334 F3d 765 United States v. N Mallari

334 F.3d 765

UNITED STATES of America, Appellee,
Julmar N. MALLARI, Appellant.

No. 03-1145.

United States Court of Appeals, Eighth Circuit.

Submitted: June 13, 2003.

Filed: July 2, 2003.

Rehearing Denied: August 22, 2003.

Karen M. Shanahan, Omaha, NE, for appellant.

Susan T. Lehr, Asst. U.S. Atty., Omaha, NE, for appellee.

Before RILEY and HEANEY, Circuit Judges, and ERICKSEN,1 District Judge.

RILEY, Circuit Judge.

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After denial of his motion to suppress, Julmar Mallari (Mallari) entered a conditional guilty plea to possession with intent to distribute methylene dioxy methamphetamine, or ecstasy, in violation of 21 U.S.C. § 841(a)(1) and (b)(1)(C) (2000). The ecstasy was discovered during a traffic stop of Mallari's vehicle. Mallari sought suppression of the ecstasy, arguing the officer lacked either probable cause to believe Mallari committed a traffic violation or reasonable suspicion of criminal activity to support the traffic stop. The district court2 denied Mallari's motion to suppress. We affirm.


On December 1, 2001, at approximately 2:00 a.m., Officer Steven Worley (Officer Worley) observed Mallari operating a vehicle eastbound on Interstate 80(1) without the rear licence plate illuminated and (2) crossing over the right shoulder lane divider three times. As Officer Worley approached Mallari's vehicle from the rear, he recognized the license plate was from California. Immediately after Officer Worley stopped the vehicle, he informed Mallari the reasons for the stop were a defective license plate light and driving on the shoulder. Additionally, Officer Worley stated he wanted to determine Mallari's fitness to drive. After issuing a citation for defective equipment because the rear license plate light bulb was missing, Officer Worley requested and received consent from Mallari to search the vehicle. The search uncovered a package of ecstasy concealed inside a computer.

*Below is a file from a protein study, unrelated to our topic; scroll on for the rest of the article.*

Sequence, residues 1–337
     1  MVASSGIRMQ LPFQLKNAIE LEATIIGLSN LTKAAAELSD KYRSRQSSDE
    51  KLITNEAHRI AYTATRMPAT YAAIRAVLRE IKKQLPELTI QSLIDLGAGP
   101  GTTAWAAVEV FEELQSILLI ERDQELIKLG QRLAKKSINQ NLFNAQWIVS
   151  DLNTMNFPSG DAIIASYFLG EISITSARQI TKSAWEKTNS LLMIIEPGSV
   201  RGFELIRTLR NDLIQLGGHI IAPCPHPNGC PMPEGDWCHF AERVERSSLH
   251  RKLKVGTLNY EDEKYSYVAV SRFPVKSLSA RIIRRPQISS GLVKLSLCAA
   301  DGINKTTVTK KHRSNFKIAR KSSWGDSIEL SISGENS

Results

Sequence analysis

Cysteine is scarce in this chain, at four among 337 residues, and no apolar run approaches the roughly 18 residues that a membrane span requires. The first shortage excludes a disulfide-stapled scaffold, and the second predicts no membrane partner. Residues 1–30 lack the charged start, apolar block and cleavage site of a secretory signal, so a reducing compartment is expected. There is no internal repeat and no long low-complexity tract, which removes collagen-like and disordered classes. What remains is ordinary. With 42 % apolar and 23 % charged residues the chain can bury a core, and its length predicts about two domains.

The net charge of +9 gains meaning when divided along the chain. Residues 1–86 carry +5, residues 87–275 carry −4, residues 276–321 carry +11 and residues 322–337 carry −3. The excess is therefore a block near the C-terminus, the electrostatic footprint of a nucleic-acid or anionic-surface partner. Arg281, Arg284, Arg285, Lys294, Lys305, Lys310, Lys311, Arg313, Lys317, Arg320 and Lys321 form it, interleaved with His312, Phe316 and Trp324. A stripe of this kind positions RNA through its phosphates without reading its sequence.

In reviewing a denial of a motion to suppress, we review the district court's factual findings for clear error and review de novo the questions of law regarding probable cause and reasonable suspicion to stop a vehicle. United States v. Sanders, 196 F.3d 910, 912 (8th Cir.1999) (citing Ornelas v. United States, 517 U.S. 690, 699, 116 S.Ct. 1657, 134 L.Ed.2d 911 (1996)). We have repeatedly held that "any traffic violation, regardless of its perceived severity, provides an officer with probable cause to stop the driver." United States v. Jones, 275 F.3d 673, 680 (8th Cir.2001). "To determine whether a traffic stop was based on probable cause or was merely pretextual, an `objective reasonableness' standard is applied." Id. An officer is justified in stopping a motorist when the officer "objectively has a reasonable basis for believing that the driver has breached a traffic law." United States v. Thomas, 93 F.3d 479, 485 (8th Cir.1996); see Sanders, 196 F.3d at 913 (officer's mistaken belief, but objectively reasonable basis for believing, that a traffic violation occurred supported traffic stop). Moreover, subjective intent is not determinative in deciding whether the stop was reasonable. See Whren v. United States, 517 U.S. 806, 813, 116 S.Ct. 1769, 135 L.Ed.2d 89 (1996).